Dropbox in healthcare: A love-hate thing
November 19, 2013 in Medical Technology
Torie Jones, former chief privacy officer at University of Pennsylvania Health System, had an ironclad rule in place for her staff: “No PHI in the cloud until you have a BAA in place.”
[See also: New HIPAA rule could change BAA talks]
For most cloud-based vendors, those who are used to the specific demands of working in healthcare, getting that business associate agreement in place wouldn’t be much of a problem.
But when it comes to using the the popular file hosting service Dropbox, that all-important contract isn’t something that’s readily forthcoming.
Stephanie Musso, RN, privacy officer at Stony Brook University Hospital, on Long Island, said she’s gotten “emails we got from our researchers: ‘You told us we can’t use Dropbox, now we can! HIPAA says we can! We just have to have that business associate agreement signed, right?’
“My answer to that is, ‘Yes, and here it is. Get them to sign it.’” said Musso. “And they would come back to me very disappointed because Dropbox was certainly unwilling to sign a BAA.”
That’s not to say, necessarily, that the company would never sign one under any circumstances – just that they’ve shown little inclination to so far. Dropbox officials did not respond to a request for an interview.
But while the cloud service is popular among many in the healthcare trenches for the ease with which it enables the swapping of files, it is not HIPAA-compliant.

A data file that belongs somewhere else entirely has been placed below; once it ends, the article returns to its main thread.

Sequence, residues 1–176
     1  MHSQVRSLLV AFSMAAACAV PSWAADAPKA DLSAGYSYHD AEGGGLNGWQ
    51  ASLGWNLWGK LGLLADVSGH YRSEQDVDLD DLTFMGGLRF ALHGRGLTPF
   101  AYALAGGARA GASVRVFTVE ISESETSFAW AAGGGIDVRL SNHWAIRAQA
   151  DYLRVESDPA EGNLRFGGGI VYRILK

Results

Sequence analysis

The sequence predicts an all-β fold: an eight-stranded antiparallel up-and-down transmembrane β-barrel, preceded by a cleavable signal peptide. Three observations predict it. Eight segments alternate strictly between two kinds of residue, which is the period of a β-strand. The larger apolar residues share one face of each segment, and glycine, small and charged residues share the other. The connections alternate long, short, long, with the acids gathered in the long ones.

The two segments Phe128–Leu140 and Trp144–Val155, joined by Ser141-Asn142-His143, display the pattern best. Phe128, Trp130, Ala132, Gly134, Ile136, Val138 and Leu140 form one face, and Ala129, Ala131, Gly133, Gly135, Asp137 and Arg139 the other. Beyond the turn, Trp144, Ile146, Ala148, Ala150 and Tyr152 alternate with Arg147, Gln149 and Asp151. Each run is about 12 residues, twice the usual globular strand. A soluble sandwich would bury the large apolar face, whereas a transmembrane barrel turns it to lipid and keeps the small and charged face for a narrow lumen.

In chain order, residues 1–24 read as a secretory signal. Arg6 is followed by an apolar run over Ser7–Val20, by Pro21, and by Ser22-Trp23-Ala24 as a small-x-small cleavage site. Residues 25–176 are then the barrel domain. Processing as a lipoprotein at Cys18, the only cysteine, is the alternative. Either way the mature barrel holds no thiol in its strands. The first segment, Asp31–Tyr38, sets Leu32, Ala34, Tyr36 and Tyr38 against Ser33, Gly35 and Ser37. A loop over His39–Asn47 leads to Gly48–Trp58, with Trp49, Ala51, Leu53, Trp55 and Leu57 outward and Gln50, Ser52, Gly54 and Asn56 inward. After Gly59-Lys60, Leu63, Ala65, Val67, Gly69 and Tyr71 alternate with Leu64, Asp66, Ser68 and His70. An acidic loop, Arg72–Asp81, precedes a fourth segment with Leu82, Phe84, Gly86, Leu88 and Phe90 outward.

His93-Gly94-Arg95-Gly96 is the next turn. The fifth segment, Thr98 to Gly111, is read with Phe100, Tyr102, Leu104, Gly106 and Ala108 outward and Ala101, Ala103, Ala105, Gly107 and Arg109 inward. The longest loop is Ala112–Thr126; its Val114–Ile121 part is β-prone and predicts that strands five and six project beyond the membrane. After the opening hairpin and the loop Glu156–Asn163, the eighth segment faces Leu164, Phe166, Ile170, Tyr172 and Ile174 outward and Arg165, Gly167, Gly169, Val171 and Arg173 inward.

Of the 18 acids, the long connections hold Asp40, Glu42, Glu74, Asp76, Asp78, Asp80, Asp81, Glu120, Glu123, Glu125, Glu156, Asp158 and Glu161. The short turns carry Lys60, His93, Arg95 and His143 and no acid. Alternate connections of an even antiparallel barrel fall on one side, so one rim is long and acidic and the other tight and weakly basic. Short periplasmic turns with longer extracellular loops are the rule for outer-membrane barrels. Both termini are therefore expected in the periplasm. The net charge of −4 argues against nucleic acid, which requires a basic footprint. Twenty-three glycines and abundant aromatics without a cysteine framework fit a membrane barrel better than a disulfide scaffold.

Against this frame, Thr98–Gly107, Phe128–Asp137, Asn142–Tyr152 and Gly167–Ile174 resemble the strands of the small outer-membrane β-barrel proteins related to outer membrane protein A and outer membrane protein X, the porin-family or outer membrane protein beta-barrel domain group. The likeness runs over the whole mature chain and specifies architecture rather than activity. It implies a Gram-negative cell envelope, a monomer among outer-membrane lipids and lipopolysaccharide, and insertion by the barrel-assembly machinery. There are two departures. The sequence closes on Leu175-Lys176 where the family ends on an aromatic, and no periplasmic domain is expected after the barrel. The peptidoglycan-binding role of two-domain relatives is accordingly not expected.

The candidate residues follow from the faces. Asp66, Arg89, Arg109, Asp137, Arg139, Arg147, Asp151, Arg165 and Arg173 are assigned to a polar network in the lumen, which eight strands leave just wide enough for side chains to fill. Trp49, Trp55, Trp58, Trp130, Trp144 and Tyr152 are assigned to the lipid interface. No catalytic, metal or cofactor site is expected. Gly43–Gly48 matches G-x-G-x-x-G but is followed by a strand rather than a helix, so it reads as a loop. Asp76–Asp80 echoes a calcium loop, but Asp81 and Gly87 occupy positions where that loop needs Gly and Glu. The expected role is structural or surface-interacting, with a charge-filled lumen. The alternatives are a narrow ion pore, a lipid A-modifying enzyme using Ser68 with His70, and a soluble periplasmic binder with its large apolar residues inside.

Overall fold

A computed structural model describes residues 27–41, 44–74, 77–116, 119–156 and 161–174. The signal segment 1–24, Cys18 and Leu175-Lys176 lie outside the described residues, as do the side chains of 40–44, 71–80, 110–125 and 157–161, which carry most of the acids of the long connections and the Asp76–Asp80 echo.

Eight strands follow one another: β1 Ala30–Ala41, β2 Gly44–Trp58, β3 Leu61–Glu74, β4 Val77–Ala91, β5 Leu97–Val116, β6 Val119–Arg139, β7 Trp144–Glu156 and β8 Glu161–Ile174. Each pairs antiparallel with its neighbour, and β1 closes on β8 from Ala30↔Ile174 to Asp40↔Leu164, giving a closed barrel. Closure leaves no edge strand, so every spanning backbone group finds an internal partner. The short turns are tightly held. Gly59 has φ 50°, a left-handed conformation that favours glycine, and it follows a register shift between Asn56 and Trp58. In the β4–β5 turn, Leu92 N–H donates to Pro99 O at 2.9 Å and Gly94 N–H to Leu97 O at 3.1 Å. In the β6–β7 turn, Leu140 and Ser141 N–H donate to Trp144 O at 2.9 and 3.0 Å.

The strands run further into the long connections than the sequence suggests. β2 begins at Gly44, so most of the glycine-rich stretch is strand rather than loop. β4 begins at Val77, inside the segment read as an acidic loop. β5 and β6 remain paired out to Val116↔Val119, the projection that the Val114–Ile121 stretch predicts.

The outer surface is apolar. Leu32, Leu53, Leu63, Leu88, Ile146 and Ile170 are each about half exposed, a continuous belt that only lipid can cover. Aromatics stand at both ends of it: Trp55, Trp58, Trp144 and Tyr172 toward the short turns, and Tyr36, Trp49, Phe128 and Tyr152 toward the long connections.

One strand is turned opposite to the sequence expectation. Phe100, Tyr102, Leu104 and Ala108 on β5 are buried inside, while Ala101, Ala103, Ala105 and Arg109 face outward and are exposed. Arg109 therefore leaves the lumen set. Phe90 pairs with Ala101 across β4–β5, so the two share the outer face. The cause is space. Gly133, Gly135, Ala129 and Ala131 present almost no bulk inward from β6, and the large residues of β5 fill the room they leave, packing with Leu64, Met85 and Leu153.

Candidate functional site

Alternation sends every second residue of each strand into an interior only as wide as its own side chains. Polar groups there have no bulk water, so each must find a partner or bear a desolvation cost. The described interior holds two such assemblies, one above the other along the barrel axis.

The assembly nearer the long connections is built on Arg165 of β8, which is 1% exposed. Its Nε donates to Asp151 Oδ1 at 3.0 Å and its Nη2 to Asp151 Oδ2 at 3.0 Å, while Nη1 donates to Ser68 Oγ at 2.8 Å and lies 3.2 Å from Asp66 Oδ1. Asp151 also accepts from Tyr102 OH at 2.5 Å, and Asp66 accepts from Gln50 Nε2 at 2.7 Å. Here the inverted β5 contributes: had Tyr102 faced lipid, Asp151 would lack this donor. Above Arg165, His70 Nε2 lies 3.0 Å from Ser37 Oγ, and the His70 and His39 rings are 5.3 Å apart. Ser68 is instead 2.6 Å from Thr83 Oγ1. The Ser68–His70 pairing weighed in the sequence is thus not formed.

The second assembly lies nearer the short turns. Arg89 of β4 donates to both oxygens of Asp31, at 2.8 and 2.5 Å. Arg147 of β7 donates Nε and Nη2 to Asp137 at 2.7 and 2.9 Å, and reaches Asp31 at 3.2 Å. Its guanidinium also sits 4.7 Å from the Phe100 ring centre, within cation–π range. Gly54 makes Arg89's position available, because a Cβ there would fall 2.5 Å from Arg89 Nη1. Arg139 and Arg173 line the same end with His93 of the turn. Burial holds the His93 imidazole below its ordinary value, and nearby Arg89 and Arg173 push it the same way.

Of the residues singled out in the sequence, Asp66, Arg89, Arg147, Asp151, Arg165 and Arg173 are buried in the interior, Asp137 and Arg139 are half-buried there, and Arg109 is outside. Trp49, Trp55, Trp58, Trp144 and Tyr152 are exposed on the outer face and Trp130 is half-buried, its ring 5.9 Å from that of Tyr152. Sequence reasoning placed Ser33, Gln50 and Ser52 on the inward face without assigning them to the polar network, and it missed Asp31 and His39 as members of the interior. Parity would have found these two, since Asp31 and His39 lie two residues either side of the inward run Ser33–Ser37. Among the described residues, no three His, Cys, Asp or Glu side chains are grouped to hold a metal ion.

That’s a lesson that was learned by one system administrator, who posted a thread on Reddit with a question:
“The psychology clinic I support videotapes some of their sessions. At first the videos stayed completely in house. Never left our servers. Went into long term storage on encrypted drives locked in a safe somewhere.
“Recently I found out that one of the clinics that they do work with utilizes dropbox for sharing videos. The clinic is halfway across the country and it is research related somehow. My question is, does using dropbox in this manner constitute a HIPPA violation?”
The answer from another user came back almost immediately: “HIPAA, and its a no no.”
Indeed, Dropbox itself makes that point clear on its website: “Dropbox does not currently have HIPAA, FERPA, SAS 70/SSAE 16, ISO 9001, ISO 27001, or PCI certifications. We’ll update this page with any new certifications as we receive them.”